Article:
Voices from Russia

Tuesday, 4 October 2016

4 October 2016. If You Receive a Phone Call Claiming to Be From the IRS… It’s a Phony Baloney

satan at the computer

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I received a bogus “IRS” call today. It demanded my “immediate attention” and it came from Washington DC (or a repeater there). NEVER REPLY TO SUCH FLIMFLAMMERY! It’s just the latest iteration of the Nigerian Scam. No government agency acts in such a manner. IT’S FAKE… IT’S PHONY BALONEY… IT’S A SCAM AND FRAUD! Always be leery of anyone who phones you from out of the blue… especially, those who purport to be official and who DEMAND personal information. Have a care… we live in a feral unregulated world, where Libertarians, Dems, and Repugs all slobber their admiration of the rich and their money. Pecunia non olet… “money doesn’t stink”… that’s their motto. To think that yahoos like Rod Dreher cheer on deregulation… they call themselves “conservatives” to boot (a true conservative would never back deregulation, as a bedrock of true conservatism is that mankind is fallen and in need of regulation). It does take all kinds, doesn’t it?

BMD

Wednesday, 20 November 2013

Russian Pleads Not Guilty to American Retail Scam

Caught Red Handed

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According to American media reports, a Russian national accused of setting up an online fraud ring that used stolen credit card details to defraud American retailers of millions of dollars plead not guilty in a Pittsburgh PA court. According to the Pittsburgh Post-Gazette, Michigan-based Artur Gorlov, 28, who allegedly used the online pseudonym “Evilvodka”, was indicted on charges of conspiracy and wire fraud in 2011, but remained at large until American authorities arrested him as he disembarked at New York’s JFK Airport last month. Prosecutors have accused Gorlov of helping establish a group called “Atlanta Alliance”, which between 2005 and 2010 is believed to have run a network that used stolen credit card data to buy goods inside the USA. On Monday, the Pittsburgh Tribune-Review reported that, according to prosecutors, the gang dispatched the merchandise to members of a second network who repackaged the goods and shipped them outside the USA to destinations selected by Gorlov. Prosecutors say that Gorlov used a set of websites to direct the networks and to resell the misappropriated merchandise. Authorities also say that he used the stolen credit cards to pay the fraud ring’s shipping costs and manipulated address details to circumvent US Postal Service security measures. On Monday, Gorlov entered a not guilty plea, and also waived his right to a detention hearing. The Tribune-Review reported that he’s currently being held without bail.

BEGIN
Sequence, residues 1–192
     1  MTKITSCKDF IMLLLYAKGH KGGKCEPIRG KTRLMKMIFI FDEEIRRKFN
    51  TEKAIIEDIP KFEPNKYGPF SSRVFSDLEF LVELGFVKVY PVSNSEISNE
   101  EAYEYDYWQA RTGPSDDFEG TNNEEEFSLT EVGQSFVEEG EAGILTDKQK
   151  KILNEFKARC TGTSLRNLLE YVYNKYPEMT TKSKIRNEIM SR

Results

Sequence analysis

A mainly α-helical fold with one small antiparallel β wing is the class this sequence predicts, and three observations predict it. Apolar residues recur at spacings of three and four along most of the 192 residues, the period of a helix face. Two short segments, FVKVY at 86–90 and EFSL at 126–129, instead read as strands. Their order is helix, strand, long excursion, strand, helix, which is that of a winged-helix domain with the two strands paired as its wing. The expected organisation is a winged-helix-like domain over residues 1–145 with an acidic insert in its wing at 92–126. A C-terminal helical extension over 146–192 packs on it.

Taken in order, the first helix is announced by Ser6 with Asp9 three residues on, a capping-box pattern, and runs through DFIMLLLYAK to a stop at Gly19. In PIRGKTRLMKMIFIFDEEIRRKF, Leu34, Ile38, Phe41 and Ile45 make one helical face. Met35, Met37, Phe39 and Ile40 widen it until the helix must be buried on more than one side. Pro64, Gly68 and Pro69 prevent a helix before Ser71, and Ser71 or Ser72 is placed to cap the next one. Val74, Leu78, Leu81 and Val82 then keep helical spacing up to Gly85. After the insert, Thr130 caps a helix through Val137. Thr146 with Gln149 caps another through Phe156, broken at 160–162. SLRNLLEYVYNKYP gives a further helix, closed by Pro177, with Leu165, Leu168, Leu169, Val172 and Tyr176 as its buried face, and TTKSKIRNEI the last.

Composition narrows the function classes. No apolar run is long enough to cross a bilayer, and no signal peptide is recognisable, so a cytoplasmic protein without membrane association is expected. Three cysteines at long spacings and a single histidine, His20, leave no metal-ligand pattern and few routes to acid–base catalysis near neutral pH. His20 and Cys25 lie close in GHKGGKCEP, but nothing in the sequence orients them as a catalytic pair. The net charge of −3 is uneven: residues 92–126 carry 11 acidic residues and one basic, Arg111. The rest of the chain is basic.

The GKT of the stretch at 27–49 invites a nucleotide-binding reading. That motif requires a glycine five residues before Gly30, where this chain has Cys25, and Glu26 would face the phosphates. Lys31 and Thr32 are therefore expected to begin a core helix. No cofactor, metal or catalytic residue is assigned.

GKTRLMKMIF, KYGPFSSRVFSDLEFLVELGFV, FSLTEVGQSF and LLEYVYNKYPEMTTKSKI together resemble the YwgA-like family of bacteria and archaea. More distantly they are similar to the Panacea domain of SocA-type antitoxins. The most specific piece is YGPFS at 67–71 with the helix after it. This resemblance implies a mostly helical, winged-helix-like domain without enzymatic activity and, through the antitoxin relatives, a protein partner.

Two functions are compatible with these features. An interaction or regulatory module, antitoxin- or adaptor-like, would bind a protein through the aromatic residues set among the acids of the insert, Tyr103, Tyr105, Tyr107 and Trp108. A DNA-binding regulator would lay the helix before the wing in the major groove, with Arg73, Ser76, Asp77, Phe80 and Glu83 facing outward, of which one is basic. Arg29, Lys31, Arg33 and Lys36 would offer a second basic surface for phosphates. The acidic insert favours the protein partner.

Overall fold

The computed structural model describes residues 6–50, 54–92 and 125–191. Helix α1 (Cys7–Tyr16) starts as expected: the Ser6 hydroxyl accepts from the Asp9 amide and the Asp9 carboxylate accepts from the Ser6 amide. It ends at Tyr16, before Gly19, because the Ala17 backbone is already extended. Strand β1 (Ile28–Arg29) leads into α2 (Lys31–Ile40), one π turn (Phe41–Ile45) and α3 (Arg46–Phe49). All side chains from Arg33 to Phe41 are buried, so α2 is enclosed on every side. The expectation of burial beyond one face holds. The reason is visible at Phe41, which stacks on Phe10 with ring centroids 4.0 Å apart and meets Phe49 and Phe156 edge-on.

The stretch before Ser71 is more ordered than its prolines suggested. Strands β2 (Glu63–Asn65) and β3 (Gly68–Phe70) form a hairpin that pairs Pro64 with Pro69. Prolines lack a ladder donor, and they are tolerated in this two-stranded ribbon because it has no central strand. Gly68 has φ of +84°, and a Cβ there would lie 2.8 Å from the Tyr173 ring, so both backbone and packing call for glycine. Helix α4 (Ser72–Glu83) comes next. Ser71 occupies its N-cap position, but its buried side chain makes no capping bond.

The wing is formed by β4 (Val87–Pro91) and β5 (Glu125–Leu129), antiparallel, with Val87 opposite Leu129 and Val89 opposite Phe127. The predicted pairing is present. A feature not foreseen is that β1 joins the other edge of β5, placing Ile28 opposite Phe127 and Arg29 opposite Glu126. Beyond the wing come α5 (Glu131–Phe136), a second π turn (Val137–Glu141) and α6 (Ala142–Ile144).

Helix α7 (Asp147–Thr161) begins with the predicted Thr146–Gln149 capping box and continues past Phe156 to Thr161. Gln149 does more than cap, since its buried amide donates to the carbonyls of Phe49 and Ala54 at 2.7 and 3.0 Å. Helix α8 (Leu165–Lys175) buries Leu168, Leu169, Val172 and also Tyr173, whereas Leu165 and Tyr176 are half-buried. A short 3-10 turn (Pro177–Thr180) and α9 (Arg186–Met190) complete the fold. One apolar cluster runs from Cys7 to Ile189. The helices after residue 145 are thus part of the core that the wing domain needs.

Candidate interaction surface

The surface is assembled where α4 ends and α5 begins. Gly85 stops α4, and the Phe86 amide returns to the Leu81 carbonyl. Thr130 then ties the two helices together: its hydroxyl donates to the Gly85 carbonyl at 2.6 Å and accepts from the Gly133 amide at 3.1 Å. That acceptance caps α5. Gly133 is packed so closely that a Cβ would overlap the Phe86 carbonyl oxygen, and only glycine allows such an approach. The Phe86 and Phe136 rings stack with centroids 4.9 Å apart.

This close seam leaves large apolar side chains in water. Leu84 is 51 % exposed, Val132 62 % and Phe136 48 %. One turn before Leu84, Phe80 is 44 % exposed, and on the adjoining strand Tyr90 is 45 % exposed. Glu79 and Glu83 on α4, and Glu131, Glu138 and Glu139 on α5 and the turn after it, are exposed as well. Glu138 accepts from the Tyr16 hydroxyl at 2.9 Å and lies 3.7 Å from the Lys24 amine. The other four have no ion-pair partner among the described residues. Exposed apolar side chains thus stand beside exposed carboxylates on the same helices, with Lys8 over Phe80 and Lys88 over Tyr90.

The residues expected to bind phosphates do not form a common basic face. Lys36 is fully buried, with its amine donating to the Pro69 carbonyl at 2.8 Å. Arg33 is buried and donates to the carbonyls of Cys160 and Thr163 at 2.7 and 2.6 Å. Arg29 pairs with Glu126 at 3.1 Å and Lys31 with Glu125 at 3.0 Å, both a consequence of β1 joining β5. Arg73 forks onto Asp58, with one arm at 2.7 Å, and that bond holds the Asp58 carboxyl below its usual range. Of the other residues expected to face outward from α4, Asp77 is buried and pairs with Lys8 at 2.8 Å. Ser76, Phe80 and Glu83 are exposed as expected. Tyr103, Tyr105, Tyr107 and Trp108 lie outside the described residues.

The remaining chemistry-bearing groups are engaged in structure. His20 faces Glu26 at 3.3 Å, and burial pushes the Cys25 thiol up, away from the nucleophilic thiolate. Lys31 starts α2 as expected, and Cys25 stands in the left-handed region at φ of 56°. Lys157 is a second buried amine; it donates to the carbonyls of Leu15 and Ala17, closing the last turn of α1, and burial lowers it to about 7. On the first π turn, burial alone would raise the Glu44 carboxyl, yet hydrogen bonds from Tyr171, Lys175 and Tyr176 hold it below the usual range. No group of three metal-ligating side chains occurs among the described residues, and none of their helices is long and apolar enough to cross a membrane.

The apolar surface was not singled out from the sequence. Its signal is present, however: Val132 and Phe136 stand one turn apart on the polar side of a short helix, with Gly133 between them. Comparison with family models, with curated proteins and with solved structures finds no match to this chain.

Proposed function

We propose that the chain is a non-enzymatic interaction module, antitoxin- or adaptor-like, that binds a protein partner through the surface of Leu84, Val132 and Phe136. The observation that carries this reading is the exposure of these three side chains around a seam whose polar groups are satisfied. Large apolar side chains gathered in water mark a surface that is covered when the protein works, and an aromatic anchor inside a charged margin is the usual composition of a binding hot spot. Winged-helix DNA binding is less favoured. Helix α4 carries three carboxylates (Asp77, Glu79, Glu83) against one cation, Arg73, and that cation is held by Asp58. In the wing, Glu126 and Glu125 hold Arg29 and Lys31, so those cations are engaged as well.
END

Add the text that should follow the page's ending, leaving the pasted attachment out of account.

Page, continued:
20 November 2013

RIA-Novosti

http://en.ria.ru/crime/20131120/184835671/Russian-Pleads-Not-Guilty-to-US-Retail-Scam.html

 

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